through its Ijms 07 00537 i011 value, approximate the percent from the (experimental) biological activity variance around the average A that can be predicted with the help of the correlation equation (4) and of the optimized chart.

4. Results and Discussions

To analyze QSAR relations of HEPT derivatives with anti-HIV activity, experimental biological activities from Table III were used. The experimental biologic activity is Aexp = log (1/ EC50), where EC50 stands as the level that produces a 50% protection of MT-4 cells against HIV-1 cytopathic effect [8,20,21].
Three type of QSAR are here considered, namely:
  • the mono-parametric model of hidrophobicity:
Ai = α0 + α1log Pi,
  • the case of linear mono-parametric model where MTD is the steric parameter:
Ai = α0β · MTDi
  • and the combined correlation
Ai = α0 + α1log PiβMTDi
In equations (7) and (9), hydrophobicity parameters are calculated using the „QSAR Properties” from the HyperChem [22] program package and they are listed in Table III. MTDi parameters represent the MTD* corresponding to the S* optimized chart of the receptor; α0, α1 and β express the regression parameters corresponding to the obtained QSAR studies. Ai is the calculated value of Aexp,i.
The optimization process of the hypermolecule allows to optimize the beginning chart of the receptor, S0={εj}j=1,..., M, using a subsequent changing process of vertices attribution (εj) in H, starting with the initial correlation coefficient, r0 (corresponding to the S0 beginning chart), until obtaining of a maximal correlation coefficient, rmax, corresponding to the receptor’s optimized chart, S*; the r correlation coefficient, on every step of the optimization process, is obtained by minimizing the sum of the squares of differences between experimental Aexp,i and calculated Acalc,i biological activities:
Ijms 07 00537 i005
The receptor chart is considered optimized (S*) when any single new modification εj does not reduce the value of (10). S* represents a simplified image of R interacting with Li ligands.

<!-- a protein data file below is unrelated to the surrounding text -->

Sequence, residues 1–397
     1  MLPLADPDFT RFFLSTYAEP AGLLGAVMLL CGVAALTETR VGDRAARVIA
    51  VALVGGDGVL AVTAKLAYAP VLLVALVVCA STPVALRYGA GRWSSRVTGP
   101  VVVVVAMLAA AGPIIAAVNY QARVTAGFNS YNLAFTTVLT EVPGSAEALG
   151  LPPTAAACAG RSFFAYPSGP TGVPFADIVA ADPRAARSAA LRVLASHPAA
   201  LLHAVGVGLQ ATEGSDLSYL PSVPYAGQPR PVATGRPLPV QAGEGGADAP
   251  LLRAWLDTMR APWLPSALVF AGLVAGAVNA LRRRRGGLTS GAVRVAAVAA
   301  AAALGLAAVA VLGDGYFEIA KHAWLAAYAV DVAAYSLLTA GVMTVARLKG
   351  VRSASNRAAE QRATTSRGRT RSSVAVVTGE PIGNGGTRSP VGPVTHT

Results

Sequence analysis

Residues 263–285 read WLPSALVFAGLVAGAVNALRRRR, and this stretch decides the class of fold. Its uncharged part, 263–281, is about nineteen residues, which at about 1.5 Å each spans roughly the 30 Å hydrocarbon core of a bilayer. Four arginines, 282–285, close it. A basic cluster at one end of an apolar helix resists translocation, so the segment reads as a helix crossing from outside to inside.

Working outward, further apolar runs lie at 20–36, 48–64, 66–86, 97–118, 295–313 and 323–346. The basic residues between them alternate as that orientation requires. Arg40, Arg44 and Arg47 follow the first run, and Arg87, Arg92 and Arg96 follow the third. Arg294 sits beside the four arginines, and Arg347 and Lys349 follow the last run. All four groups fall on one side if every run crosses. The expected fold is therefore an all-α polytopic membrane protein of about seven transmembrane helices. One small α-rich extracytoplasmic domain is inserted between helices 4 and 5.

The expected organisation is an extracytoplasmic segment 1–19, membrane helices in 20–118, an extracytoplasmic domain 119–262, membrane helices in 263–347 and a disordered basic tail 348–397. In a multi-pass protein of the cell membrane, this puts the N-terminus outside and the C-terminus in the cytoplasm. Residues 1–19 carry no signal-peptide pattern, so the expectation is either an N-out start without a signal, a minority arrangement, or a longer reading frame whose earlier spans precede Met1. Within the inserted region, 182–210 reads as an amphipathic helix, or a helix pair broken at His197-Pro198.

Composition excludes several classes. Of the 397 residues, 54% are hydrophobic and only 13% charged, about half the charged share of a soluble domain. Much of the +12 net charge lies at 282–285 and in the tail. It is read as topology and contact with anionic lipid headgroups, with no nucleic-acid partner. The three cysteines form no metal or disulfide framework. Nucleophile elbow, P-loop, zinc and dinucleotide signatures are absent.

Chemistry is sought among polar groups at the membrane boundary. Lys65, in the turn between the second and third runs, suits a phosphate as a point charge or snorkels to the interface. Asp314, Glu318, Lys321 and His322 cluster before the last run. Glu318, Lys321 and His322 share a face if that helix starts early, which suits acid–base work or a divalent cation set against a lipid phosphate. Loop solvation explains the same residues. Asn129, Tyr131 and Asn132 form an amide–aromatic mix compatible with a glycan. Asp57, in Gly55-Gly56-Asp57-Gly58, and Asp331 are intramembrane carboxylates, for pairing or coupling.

Table III. The structural parameters of the HEPT ligands of Table I and their biological activities against binding with HIV-1 receptor. The hydrophobicities (logP) are derived with the help of HyperChem program [22], while parameters MTD* and MTD*logP are computed with relation (3) upon the optimized charts (13) and (15), respectively. The associated calculated activities AlogP, AMTD and AMTD+logP are derived from the equations (11), (12) and (14), respectively. The experimental biologic activities (Aexp) are taken from ref. [21].
Table III. The structural parameters of the HEPT ligands of Table I and their biological activities against binding with HIV-1 receptor. The hydrophobicities (logP) are derived with the help of HyperChem program [22], while parameters MTD* and MTD*logP are computed with relation (3) upon the optimized charts (13) and (15), respectively. The associated calculated activities AlogP, AMTD and AMTD+logP are derived from the equations (11), (12) and (14), respectively. The experimental biologic activities (Aexp) are taken from ref. [21].
i/LilogPMTD*MTD*logPAlogPAMTDAMTD+LogPAexp
12.1413155.5295.0524.7784.15
21.6214165.1184.2183.8513.85
31.4213144.9605.0525.1014.72
42.1413155.5295.0524.7785.59
52.5312145.8375.8865.6435.57
63.313166.4455.0524.6704.92
72.5514165.8534.2184.3044.35
81.8112135.2685.8865.9655.48
92.1913155.5685.0524.8034.89
102.4613155.7815.0524.9345.24
112.9313156.1535.0525.1645,00
121.6213155.1185.0524.5254.47
131.3913154.9365.0524.4124.09
141.4214154.9604.2184.4274.66
152.6112145.9005.8865.6826.59
162.7111135.9796.7206.4045.89
173.2511136.4066.7206.6686.66
181.413144.9445.0525.0915.10
190.9813144.6125.0524.8865.14
201.7113145.1895.0525.2425,00
212.2512145.6165.8865.5065.60
222.7211135.9876.7206.4096.96